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Saturday, September 22. 2012
Since lead shot was (rightly) outlawed for waterfowl hunting in North America in 1991, the varieties of alternatives have been growing.
Steel shot was the first to appear but steel has low density (hits softer, travels shorter, and thus requires larger shot size than lead). Many folks were reluctant to put magnum steel loads through older or valuable shotguns, it altered choke functioning, and many felt that steel produced too many crippled birds. (I thought so, but I am usually not a very good shot with waterfowl unless I am in the groove.)
Then came Bismuth, and Bismuth-Tungsten - all much more expensive than steel, but with densities closer to those of lead, and presumably gentler on the barrel than steel. Plus you use the same shot sizes as with lead, say, #4 for decoying ducks and BB for geese.
Here's a good brief summary: Shot-Buyer's Guide.
The non-toxic shot I've been hearing about lately i Hevi-Steel, an iron-tungsten shot which is as cheap as regular steel but with a density approaching that of lead. There's a good, detailed review of Hevi-steel here. Given the price, it sounds like an excellent choice for those giant flocks of Snow Geese.
You can compare non-toxic shot here at the Cabela's site.
I think Bismuth is my first choice for ducks, especially since I can do everything the same way I used to do with lead, but I wonder what our readers like to use for ducks and geese because I am no expert on this.
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Seems like depleted uranium shot would take care of the density problem quite nicely.
I believe that tungsten is only mined in Congo, where murder, warfare, rape, pillage are all the rage and are all directed at controlling the mineral wealth of the country.
So, if you but tungsten - you're guilty!
Red China is THE dominant supplier of Tungsten.
Africa is not even in the equation.
Gwynnie is a big advocate of avoidance of steel shot, dating back to a bluebird day on her favorite lake in Manitoba where, comin home from a decent duck shoot, she spied a large raft of divers and turned the boat in that direction to get a better look - which sometimes gives others on the lake a brief, furious moment of shooting. This time, not all the divers flew away - probably 50, crippled by steel shot, were no longer able to fly and were therefore doomed to die in the following month when the lake froze.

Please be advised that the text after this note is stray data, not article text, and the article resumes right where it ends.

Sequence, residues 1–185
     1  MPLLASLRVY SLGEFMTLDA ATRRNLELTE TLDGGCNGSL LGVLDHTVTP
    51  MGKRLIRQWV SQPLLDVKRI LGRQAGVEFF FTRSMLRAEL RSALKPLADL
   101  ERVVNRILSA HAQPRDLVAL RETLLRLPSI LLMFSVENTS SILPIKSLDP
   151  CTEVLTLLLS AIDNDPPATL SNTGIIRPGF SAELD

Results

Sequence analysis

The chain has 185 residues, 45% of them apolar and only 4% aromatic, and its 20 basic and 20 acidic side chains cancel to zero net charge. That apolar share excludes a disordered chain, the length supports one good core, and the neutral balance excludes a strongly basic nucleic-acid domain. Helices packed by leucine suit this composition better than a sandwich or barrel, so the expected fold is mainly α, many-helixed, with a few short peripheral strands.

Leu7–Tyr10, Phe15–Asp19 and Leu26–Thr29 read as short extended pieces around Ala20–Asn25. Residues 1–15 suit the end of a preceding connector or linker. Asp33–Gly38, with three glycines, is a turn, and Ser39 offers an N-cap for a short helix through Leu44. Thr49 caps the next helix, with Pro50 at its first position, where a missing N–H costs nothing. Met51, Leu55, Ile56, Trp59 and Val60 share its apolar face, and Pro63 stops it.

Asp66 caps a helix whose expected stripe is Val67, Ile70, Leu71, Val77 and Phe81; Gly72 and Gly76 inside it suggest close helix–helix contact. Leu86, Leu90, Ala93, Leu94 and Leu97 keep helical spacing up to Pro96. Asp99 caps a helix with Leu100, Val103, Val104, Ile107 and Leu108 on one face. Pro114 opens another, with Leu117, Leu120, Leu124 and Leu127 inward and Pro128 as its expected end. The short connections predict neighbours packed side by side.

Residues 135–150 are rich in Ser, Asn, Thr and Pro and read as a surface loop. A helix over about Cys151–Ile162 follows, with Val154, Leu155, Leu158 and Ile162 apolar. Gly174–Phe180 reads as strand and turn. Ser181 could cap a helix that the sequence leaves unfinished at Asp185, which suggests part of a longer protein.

Afyter that, Gwynnie started using Bismuth, then Hevi Shot. All her friends commented that she was shooting much better. In reality, the few shot pellets that made contact did the job, whereas a bird with a couple of steel will just continue on a few miles more.
Interesting to read of Hevi Steel, because the cost of Hevi Shot in Canada is ludicrous - about $3 per shell. However, if a reasonable hunter gets a bird with every 4th shot, a limit comes in at around $100 - compared to airfare or lodging (or guns) one of the cheaper aspects of a hunt.
Looking at Gwynnie's comment, perhaps the manufacturers might realize that at $3 per shell, they are selling paltry amounts of ammunition. This isn't a great economy, and one could make the air look like flak over the Ruhr for $100 of steel. A price reduction to $1 - $1.50 would lead to greatly increased sales (note to Federal, Winchester and Remington: look up "price elasticity". People prefer to be humanitarian and increase their yield as well, but do not like feeling "ripped off"!
Gwynnie is spot on! I have shot Hevishot almost exclusively for the past several years, and find it superior to any steel shot. I also like it better than bismuth, which I found did not pattern well. I have saved some by buying it by the case (on sale when possible) and by using 2 3/4" instead of 3". Number 6 shot in 2 3/4" for ducks and number 4's for geese. It has been running about $22/box of ten; $209 for a case of 100. I have too much respect for our waterfowl resouce to put up with the crippling losses to steel. If forced to use steel (as sometimes in Canada you can't find the good stuff and have to buy steel cartouches) by all means use the high quality, fast stuff. I'm also hearing good things about Black CLoud, and witnessed some pretty impressive work on geese. I may have to give it a try.